Much of what goes on in an interview is the interviewer seeking to understand your personal brand. It is often an awkward situation because each question is basically, “What makes you the best choice for us?” And, that is such a mind trick of a question. You can get into this idea of, “Oh my gosh, is it okay to say that I’m special…that I’m the best one?” You know what, it’s okay. You have a personal brand, and they want to know about that to determine if you are going to fit into the company culture. Be okay with saying, “This is who I am. This is what I do especially well. This is how I contribute.” Take pride in that.
Prepare yourself by losing that awkwardness about how they’re going to ask you what makes you unique. What makes you better than the other applicants? Understand, that is your invitation to tell them about your personal brand. What you embody. Go ahead and be yourself and stand for something. Know in advance, who you are and what you are looking for and say it with calmness and pride. Question them too. It’s the only way to find out if the match is a good fit for you both.
It is likely you may be fired at some point in the course of your career. This, of course, can come as a total shock but it is imperative to come to terms with such an experience so that you can recover quickly and be able to represent yourself well in upcoming job interviews.
Spend some time processing what happened and practice verbalizing the lessons learned in a non-emotional way. Keep a positive attitude that you are preparing to go on to bigger and better things. The reality is that even to employers these days being fired isn’t necessarily a mark against you depending on how you recover.
Many successful people have been fired at some point in their career before becoming a superstar.
Most people don’t land a great job or create a wonderful career by being open to anything, not at all. Instead, it’s done by checking in with themselves about what they really want and going for it a hundred percent. This focus makes them more attractive candidates, too. Think about it as if you were the one hiring. You have two people to choose from. One candidate has done a job for several years and is keeping her options open. The other candidate is committed to being the very best at the job she knows she wants. Who would you be more likely to make an offer to?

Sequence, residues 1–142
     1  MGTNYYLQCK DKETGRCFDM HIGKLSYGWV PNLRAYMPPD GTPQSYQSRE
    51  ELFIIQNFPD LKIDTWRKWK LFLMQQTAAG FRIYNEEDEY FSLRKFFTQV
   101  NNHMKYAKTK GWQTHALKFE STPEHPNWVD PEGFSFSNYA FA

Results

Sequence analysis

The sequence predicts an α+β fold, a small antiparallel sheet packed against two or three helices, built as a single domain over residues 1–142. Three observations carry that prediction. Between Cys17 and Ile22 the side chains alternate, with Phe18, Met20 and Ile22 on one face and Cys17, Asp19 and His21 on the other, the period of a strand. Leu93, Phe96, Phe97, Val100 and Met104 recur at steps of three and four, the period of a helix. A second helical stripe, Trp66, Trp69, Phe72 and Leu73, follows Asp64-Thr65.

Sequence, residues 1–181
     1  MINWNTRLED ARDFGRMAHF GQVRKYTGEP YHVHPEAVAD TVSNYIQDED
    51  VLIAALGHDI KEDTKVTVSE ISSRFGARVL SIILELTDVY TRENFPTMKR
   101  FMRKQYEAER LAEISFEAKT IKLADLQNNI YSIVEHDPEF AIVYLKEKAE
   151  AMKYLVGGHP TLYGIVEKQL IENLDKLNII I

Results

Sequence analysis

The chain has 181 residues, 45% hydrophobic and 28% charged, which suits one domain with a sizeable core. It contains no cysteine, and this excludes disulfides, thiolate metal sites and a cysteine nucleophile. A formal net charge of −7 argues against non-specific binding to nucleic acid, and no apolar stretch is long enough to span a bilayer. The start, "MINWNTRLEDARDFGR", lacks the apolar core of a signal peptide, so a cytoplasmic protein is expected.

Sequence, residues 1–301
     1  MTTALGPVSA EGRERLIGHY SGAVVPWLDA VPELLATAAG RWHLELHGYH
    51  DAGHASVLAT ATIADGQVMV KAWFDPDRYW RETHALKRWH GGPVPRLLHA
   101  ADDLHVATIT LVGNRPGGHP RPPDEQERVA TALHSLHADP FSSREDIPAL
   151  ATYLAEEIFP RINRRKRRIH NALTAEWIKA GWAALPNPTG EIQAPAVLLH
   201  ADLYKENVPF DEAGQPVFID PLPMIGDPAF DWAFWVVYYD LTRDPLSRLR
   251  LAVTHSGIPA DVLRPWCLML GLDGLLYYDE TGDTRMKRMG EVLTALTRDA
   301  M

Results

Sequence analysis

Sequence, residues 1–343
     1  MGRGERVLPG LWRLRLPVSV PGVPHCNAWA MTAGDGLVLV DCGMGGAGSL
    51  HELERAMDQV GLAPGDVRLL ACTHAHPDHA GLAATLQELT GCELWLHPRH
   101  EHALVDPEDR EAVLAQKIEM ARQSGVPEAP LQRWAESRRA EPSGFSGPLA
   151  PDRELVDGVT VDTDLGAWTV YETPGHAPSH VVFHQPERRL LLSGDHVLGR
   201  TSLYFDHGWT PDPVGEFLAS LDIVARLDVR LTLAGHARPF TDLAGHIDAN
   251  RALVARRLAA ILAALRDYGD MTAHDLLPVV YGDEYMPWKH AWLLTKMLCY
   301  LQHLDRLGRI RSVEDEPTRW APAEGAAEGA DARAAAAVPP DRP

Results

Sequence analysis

We typically don’t practice interviewing very often yet each interview we do have is pretty important. Here are three quick tips for interview preparation.
Tip 1 – It is best to think of an interview as a two-way discussion. Yes, often a stressful discussion but remember not only are they checking you out, but you are also checking them out. In fact, one of the most important actions you can take to prepare for an upcoming interview is to research the company. It is easier than ever to get on the internet, enter a search word and come up with relevant information. Most companies have a web page of their own where you can read up on company history and recent press releases. Be thinking about questions you can ask during the interview as well. Make relevant observations about what is going on with the company and ask your interviewer to comment. You may also want to consider asking some questions like the following.
Is this a newly created position?
What do you think is the most important thing for a new hire to understand about this position? This company? Or this department?
Why did the previous person leave this position?
What do you think will be the biggest challenge for the new hire?